Bheeshma wrote:Thanks Kris. Yes I also recall 2018 time frame. Anyway let them get GSLV-III ready in meantime. I assume ULV or GSLV-III with SCE will be launched by 2019-20 only.


Well it depends. For one, we do not know what the ULV itself will exactly look like and what is exactly envisioned as part of the program. We have had reports, comments from ISRO, mentions a few times here and there but nothing concrete. If ULV (or one of its variants) its just a LVM3 with a SC200 core stage (as widely reported) than a launch in the mid 2020s would be possible. A conservative estimate would be that we would have the engine in some form by 2020 and semi cryogenic core stage by 2023 (important to mention that this will be the first time ISRO will be handling RP-1 in an actual stage).

I believe the steps being currently, to the best of my knowledge & reports in the public is:
1. Complete the fabrication & testing on SCE-200 and qualify the engine
2. Develop a stage SC200 with 200 tonnes of propellant around the SCE-200.
3. Replace the core of LVM3 which is L110 with the S200. => This is/could one of the ULVs

ISRO could take anywhere between 5-8 years to complete step 3, depending on the progress of each step.

Then there is the HLV program looked like a all new launch vehicle at least from the initial concepts provided by ISRO (need the CE-50 for upper stage & S250 boosters). If it is indeed the case, then the project has to be sanctioned formally and the launch of this HLV could go into the 2030s. This can only happen after step 2 or even step 3.

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Re: Indian Space Programme Discussion - Sept 2016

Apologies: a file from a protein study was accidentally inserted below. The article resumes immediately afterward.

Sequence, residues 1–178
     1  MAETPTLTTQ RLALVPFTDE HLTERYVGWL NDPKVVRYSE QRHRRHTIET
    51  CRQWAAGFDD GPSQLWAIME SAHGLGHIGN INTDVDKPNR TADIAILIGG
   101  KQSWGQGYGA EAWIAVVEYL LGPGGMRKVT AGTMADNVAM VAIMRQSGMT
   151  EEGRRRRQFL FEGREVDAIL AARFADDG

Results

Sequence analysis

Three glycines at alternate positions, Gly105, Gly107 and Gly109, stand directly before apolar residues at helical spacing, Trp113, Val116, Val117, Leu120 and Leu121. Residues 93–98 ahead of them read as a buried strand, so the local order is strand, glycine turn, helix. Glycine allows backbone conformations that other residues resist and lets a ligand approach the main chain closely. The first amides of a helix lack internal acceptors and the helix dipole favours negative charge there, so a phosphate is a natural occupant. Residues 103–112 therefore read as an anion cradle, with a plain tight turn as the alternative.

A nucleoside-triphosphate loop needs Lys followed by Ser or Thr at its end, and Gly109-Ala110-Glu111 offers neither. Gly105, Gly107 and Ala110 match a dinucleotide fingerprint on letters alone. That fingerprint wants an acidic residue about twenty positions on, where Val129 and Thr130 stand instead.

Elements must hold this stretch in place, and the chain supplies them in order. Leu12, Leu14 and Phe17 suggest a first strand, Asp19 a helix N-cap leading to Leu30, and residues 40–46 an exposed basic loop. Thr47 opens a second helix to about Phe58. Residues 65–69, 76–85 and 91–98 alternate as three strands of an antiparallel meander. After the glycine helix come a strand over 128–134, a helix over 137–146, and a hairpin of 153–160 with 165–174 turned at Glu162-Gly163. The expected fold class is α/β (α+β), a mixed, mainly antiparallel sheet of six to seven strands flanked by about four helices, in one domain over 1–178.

Postby Hiten » 19 Feb 2017 08:35

Bheeshma wrote:When is the semi cryo engine scheduled for testing? I read 2017-18 somewhere and also wiki but couldn't find a timeline from ISRO.

ISRO Chairman had alluded to SCE test being hampered by testing infra, though the engine itself could be ready. 2016 was when he had alluded to

During the Q&A session that followed, when asked, he confirmed that development of India's Semi-Cryogenic Engine [SCE] is, "in a very advanced stage". He added that demonstration of the engine could take place, "within a matter of 1 year". There is, however, a need to build test-facilities for the engine, which is taking time, he said. It is looking to work around this issue by exploring, "alternate ways of doing the test using facilities which are existing elsewhere". Translated, ISRO would want to carry out its ground tests outside the country, quite like the way GTRE does with the Kaveri engine's flight testing in Russia, aboard its modified Il-76 test-bed.


http://www.aame.in/2015/08/first-protot ... genic.html

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Re: Indian Space Programme Discussion - Sept 2016

Postby SwamyG » 19 Feb 2017 09:45

https://swarajyamag.com/insta/indias-la ... ccessfully

INdigenous cryogenic test successful.

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Re: Indian Space Programme Discussion - Sept 2016

Postby arun » 19 Feb 2017 10:59

Bheeshma wrote:When is the semi cryo engine scheduled for testing? I read 2017-18 somewhere and also wiki but couldn't find a timeline from ISRO.


Yes, thereabouts.

The latest information regards time line I have come across on the Semicryogenic SCE-200 / SC 160 stage dates back to a September 2016 article by Hindu quoting Dr. K. Sivan, Director VSSC.

Per that a GSLV Mk III aka LVM3 with the SCE-200 / SC 160 should launch end 2018. I presume this means that SCE-200 / SC 160 would replace the L110 stage.

Pre-project work on what is called the SCE-200 began about four years back. "We plan to have an [semi-cryogenic] engine and stage capable of flight by the end of 2018 and try it on the GSLV-MkIII.

This would readily boost Mk-III's maximum lifting capability from 4,000 kg to 6,000 kg,” Dr K. Sivan, Director of Vikram Sarabhai Space Centre at Thiruvanthapuram, the lead centre for launch vehicle development, said.


From The Hindu here:

Clicky